The lowest-priced, brand-new, unused, unopened, undamaged item in its original packaging (where packaging is applicable).Packaging should be the same as what is found in a retail store, unless the item is handmade or was packaged by the manufacturer in non-retail packaging, such as an unprinted box or plastic bag.See details for additional description.
Introduction 1 Multi-dimensional law in humanitarian intervention: violence, bureaucracy, and governance 2 Power in writing: formal law, mandates, and reports in humanitarian intervention 3 Law in translation: human rights field officers as international experts 4 The rule of law in the field: standards, politics, and pragmatism Conclusion Appendix: Research and expertise in the field of humanitarian intervention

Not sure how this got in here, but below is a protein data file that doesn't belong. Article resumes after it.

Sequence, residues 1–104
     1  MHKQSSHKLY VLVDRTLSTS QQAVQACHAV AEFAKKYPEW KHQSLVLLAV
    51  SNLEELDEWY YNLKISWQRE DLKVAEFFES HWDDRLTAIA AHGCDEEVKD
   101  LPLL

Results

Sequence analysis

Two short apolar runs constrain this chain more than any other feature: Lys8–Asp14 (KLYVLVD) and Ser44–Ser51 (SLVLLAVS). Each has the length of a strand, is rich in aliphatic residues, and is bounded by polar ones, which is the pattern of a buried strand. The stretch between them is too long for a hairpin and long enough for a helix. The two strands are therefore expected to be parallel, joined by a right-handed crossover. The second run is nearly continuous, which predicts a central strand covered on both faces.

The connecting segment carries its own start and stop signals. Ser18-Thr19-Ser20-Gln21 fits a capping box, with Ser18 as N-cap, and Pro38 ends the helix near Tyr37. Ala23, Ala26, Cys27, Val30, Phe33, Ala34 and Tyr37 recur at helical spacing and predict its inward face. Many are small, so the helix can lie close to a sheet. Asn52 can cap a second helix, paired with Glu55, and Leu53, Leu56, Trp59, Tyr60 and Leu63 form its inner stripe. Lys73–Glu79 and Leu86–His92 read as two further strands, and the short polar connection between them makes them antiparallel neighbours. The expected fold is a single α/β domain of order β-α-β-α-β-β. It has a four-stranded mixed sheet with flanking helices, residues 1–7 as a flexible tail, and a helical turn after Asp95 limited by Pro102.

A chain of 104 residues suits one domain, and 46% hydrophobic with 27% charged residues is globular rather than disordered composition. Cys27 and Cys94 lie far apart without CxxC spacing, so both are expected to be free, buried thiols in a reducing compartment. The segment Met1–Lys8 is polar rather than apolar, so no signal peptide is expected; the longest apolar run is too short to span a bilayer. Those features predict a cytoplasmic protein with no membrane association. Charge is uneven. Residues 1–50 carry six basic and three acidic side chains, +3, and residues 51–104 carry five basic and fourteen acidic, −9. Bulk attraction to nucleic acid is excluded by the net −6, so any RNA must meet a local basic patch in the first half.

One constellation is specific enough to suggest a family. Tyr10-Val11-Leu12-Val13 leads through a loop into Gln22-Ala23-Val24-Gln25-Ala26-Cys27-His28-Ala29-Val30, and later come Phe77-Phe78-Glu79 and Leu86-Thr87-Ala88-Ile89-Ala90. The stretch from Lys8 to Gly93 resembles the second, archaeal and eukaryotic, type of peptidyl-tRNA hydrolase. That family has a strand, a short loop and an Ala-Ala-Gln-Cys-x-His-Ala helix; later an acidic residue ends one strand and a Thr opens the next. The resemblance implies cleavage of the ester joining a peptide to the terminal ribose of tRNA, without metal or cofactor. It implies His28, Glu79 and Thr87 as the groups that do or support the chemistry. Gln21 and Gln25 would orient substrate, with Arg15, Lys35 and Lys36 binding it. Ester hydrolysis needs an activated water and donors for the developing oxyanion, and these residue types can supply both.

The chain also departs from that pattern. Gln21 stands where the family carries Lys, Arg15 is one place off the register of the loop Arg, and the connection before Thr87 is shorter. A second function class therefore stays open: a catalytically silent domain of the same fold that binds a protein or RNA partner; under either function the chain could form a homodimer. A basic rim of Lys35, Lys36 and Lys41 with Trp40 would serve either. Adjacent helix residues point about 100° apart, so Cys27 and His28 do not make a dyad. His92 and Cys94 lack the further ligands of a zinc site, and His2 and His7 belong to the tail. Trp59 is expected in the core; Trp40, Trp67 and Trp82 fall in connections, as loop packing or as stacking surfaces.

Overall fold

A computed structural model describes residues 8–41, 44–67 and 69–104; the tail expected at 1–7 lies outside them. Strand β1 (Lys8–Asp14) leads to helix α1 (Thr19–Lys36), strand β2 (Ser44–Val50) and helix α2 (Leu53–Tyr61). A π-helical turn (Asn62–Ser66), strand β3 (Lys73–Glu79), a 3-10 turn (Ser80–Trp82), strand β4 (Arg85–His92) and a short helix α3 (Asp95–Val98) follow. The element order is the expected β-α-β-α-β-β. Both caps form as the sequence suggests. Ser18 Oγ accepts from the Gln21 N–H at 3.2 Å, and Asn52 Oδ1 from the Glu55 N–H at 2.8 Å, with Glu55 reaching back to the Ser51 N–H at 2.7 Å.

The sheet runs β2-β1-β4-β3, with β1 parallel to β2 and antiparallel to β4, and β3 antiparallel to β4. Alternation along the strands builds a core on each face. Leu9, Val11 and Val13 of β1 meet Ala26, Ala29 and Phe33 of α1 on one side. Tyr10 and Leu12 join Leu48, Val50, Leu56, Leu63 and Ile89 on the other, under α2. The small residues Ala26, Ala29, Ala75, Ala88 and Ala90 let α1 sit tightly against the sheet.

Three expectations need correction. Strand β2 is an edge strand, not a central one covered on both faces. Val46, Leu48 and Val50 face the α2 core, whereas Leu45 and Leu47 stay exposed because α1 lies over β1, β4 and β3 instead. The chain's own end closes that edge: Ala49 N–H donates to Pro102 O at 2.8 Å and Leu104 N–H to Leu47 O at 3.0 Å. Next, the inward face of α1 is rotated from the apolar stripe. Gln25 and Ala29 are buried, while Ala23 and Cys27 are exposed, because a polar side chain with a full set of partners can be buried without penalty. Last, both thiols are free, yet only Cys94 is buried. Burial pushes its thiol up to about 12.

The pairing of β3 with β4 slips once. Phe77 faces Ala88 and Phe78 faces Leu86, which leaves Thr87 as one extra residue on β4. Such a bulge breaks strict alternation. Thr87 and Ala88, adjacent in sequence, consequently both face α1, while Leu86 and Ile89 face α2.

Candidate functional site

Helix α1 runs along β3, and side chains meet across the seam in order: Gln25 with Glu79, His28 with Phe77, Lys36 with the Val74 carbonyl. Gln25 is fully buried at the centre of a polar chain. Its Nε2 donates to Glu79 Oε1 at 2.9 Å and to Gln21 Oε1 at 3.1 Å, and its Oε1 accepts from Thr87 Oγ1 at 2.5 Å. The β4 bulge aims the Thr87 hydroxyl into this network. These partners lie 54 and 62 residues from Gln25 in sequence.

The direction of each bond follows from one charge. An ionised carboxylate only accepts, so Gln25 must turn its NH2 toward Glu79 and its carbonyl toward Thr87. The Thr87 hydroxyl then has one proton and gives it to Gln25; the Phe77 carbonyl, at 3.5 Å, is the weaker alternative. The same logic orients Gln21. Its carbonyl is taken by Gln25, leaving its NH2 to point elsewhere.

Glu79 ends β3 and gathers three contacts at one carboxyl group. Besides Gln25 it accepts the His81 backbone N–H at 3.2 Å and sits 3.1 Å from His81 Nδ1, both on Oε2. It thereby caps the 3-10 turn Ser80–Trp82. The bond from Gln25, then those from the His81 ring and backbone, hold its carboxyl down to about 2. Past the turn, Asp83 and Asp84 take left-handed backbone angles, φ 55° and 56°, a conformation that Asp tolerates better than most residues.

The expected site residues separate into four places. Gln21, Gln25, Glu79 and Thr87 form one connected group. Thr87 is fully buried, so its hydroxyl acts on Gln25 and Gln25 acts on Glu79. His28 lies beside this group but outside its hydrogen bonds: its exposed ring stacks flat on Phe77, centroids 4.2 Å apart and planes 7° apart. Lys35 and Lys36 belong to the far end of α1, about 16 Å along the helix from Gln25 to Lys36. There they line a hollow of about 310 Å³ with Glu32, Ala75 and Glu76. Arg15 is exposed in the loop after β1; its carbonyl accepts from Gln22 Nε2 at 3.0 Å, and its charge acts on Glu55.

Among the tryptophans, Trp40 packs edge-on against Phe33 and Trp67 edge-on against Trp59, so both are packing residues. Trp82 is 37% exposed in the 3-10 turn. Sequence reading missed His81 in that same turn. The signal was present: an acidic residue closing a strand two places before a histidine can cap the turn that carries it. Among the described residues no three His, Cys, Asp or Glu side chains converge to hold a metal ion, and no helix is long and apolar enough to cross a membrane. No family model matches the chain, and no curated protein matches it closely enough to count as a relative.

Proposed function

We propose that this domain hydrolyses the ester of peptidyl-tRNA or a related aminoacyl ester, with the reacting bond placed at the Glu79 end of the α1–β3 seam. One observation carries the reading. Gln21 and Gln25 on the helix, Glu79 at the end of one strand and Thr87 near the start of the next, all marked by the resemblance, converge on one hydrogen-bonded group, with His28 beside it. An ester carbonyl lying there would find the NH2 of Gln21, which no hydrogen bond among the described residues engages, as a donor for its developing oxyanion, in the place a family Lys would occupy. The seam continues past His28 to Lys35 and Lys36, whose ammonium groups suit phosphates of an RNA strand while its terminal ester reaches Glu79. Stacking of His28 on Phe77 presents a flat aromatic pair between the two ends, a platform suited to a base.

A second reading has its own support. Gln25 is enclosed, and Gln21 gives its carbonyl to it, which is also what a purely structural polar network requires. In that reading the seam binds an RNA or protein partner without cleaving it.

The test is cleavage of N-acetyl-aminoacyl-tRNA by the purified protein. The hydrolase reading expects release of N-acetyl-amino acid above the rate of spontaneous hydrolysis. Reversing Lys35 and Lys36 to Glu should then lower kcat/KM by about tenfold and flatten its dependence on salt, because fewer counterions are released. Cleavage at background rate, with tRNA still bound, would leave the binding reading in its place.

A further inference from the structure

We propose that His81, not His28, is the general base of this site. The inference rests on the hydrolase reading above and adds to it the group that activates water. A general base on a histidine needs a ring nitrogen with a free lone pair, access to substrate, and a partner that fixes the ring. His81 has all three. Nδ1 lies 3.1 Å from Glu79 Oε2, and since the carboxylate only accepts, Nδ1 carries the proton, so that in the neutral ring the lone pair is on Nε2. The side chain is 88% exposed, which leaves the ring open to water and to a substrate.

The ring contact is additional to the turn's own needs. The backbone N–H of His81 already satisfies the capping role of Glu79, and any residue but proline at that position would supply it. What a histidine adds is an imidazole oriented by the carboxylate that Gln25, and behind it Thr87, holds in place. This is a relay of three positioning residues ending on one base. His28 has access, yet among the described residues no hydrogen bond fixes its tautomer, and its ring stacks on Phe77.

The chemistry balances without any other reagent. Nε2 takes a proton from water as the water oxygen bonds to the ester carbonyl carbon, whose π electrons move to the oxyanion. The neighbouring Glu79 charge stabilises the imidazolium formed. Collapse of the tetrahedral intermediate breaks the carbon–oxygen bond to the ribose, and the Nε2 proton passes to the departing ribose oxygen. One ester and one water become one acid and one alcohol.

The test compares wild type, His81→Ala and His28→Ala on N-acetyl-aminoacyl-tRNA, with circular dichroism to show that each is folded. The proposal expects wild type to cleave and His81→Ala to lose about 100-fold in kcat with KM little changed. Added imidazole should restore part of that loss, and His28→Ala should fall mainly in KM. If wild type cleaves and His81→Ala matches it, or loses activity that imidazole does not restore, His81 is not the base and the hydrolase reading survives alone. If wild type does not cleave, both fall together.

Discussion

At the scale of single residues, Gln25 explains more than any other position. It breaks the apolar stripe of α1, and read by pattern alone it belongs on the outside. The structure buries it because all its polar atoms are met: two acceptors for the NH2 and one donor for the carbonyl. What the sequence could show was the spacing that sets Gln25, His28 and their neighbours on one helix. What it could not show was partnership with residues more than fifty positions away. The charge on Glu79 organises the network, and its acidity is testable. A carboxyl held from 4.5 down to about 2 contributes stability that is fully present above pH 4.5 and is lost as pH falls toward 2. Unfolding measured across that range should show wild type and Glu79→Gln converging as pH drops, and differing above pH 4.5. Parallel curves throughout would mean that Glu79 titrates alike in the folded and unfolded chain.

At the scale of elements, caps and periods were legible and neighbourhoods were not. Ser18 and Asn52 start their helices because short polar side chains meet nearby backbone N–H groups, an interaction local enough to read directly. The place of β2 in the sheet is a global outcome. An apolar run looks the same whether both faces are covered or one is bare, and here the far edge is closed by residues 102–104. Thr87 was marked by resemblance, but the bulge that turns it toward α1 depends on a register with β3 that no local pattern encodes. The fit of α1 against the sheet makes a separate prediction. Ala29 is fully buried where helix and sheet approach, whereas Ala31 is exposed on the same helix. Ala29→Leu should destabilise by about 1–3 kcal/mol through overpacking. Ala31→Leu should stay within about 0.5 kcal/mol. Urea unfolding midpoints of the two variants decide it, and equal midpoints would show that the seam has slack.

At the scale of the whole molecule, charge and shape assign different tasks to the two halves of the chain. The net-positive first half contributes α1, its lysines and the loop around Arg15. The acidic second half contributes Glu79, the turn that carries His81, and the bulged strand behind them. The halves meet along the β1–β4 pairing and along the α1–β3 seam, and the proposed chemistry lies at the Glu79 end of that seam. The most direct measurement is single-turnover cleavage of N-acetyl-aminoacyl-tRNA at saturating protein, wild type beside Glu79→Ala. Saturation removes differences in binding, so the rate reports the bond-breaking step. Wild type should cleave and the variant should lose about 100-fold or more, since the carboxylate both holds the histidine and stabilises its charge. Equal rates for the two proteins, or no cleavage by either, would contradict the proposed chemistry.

Elizabeth M. Bruch is an Assistant Professor in the School of Interdisciplinary Arts and Sciences at the University of Washington Tacoma. She previously taught at the University of British Columbia, and on the law faculty at American University's Washington College of Law, Arizona State University College of Law, and Valparaiso University School of Law. She also worked as a human rights lawyer and served for two years as the Executive Officer of the Human Rights Chamber for Bosnia and Herzegovina.